On earlier visits I’d concentrated on the Abbey Brewery, which was the older of their two breweries on the Royal Mile. But, especially in the 19th century, this produced a distorted image as most of the Pale Ales were brewed in the Holyrood Brewery. I also continued on after the Abbey Brewery had closed. Which is where this set come in.
As always, Younger has an unusually long list of beers. And, unlike as at most breweries in Scotland, they weren’t all just parti-gyles of a single Pale Ale recipe. Younger is notable for never parti-gyling in the 20th century.
They had a range of seven Pale Ales at four different gravities. I can guess what you’re going to ask: what’s the difference between them all? That’s easy to answer with the bottling versions (ones with “Btg” suffixing the name). They weren’t dry-hopped as the draught versions were.
|William Younger beers in 1958|
|Beer||Style||OG||FG||ABV||App. Atten-uation||lbs hops/ qtr||hops lb/brl||Pitch temp||max. fermen-tation temp|
|XP Btg||Pale Ale||1031||1006||3.31||80.65%||5.62||0.67||61º F||70.5º F|
|XXP||Pale Ale||1033||1010||3.04||69.70%||4.04||0.49||62.5º F||67.5º F|
|XXPQ||Pale Ale||1033||1012||2.78||63.64%||3.53||0.46||60º F||68º F|
|XXPS||Pale Ale||1038||1011||3.57||71.05%||4.36||0.61||62º F||71º F|
|XXPS Btg||Pale Ale||1038||1008||3.97||78.95%||4.34||0.60||62º F||70º F|
|XXPSL||Pale Ale||1038||1012||3.44||68.42%||3.84||0.63||64º F||72º F|
|EXT||Pale Ale||1046||1009.5||4.83||79.35%||4.39||0.77||60º F||73.5º F|
|3L||Strong Ale||1044||1014||3.97||68.18%||4.36||0.70||61º F||69.5º F|
|3N||Strong Ale||1045||1013||4.23||71.11%||4.36||0.73||61º F||62º F|
|3 Btg||Strong Ale||1047||1013||4.50||72.34%||3.61||0.67||61º F||68.5º F|
|DCA||Strong Ale||1057||1014||5.69||75.44%||4.07||0.88||59º F||71º F|
|1BW||Strong Ale||1089||1027.5||8.14||69.10%||4.29||1.53||57.5º F||70.5º F|
|200/- BW||Strong Ale||1100||1025||9.92||75.00%||5.57||2.29||57.5º F||75.5º F|
|XXX||Mild||1033||1012||2.78||63.64%||4.17||0.53||63.5º F||68.5º F|
|BA||Brown Ale||1031||1005||3.44||83.87%||4.17||0.48||62º F||68º F|
|EBA||Brown Ale||1047||1012||4.63||74.47%||4.14||0.75||59.5º F||69º F|
|SS||Stout||1034||1011||3.04||67.65%||2.38||0.30||63º F||68º F|
|William Younger brewing record held at the Scottish Brewing Archive, document number WY/6/1/3/134.|
With XXP and XXPQ, it’s the colour. In addition to colouring beers up to different shades using caramel, Younger also brewed some beers to different colours. It’s all very confusing and not particularly obvious from the brewing records. Especially as there’s no mention of colour in them.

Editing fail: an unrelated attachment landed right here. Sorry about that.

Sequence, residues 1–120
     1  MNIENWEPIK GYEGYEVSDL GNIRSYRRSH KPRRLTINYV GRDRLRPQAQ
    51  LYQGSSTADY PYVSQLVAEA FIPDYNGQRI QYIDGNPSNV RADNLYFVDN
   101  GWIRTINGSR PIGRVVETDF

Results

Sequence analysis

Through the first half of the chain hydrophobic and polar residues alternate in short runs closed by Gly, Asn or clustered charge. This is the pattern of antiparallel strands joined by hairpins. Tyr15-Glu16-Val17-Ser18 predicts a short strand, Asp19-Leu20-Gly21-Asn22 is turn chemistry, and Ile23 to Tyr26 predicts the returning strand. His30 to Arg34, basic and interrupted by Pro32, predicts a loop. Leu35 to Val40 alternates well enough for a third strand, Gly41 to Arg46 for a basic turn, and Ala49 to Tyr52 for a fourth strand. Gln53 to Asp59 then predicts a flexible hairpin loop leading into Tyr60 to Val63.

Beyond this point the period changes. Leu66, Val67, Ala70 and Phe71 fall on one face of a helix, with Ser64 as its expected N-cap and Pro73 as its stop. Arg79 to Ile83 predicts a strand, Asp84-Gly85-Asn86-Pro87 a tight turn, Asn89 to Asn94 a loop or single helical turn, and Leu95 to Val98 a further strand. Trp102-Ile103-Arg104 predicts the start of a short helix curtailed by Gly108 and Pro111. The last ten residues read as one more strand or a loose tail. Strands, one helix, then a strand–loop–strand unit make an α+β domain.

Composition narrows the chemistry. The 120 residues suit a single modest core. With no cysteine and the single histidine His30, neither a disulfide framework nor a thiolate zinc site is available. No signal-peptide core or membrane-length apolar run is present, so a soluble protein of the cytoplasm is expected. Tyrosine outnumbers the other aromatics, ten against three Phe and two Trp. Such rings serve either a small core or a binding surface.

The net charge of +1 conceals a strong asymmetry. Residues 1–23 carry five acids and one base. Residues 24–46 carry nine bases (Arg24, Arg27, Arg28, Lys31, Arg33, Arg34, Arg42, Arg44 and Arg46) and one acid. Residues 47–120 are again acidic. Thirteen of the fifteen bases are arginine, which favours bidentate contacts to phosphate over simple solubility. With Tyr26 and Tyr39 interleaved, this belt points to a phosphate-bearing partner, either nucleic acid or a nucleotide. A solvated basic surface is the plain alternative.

Luckily, I’ve phots of a document that lists the different colours for Younger’s Pale Ales. It’s from 1960, so almost exactly the same period as the beers:
|Younger (Holyrood) colours in 1960|
|XXPS (old trade name P. 70/-)||XXP, XXPQ, XXPV. (old trade name P. 60/-)|
|Brewery shade||Tint.||Brewery shade||Tint.|
|* P||25||* P||25|
|* J||36||* J||36|
|Colours are as brewed except when indicated by *|
As you can see, XXPQ was a good bit darker than the standard XXP. I haven’t yet found any examples of XXPV in the logs. That was brewed to the colour of Dark Mild. I can’t really see the point of the P shade. No customer would have noticed the difference between that and C shade.
There are a surprisingly large number of Strong Ales, five in all. Though three are variations on No. 3. My guess would be that the difference between 3L and 3N was the colour. Unfortunately, I have no documentation to confirm that.
DCA is Double Century Ale, a bottled beer introduced to celebrate Younger’s double centenary in 1947. Except 1747 isn’t really the year William Younger started brewing. In fact it’s almost certain William Younger never brewed at all.
Note that Younger have added the suffix “BW” to No. 1 and 200/-. I assume that stands for Barley Wine. I’m very surprised to see 200/-. No-one else brewed strong Shilling Ales after WW I. It’s probably a beer brewed for export. Most likely, for the Belgian market. There were only a couple of beers as strong as 10% ABV being sold in the UK in the 1950’s.
It’s interesting to see that Younger still brewed a genuine Mild ale and had two Brown Ales. The former is most likely because they sold quite a lot of beer in England, where Mild was still a standard beer. The stronger Brown Ale is probably for the Northeast of England, where they did a lot of trade, to compete with Newcastle Brown.
I was very disappointed to see that DBS, one of their oldest beers, has disappeared and been replaced by SS, presumably standing for “Sweet Stout”. It’s a funny beer, that doesn’t even contain any dark malt. But we’ll be going into that in more detail next time, when we look at the grists.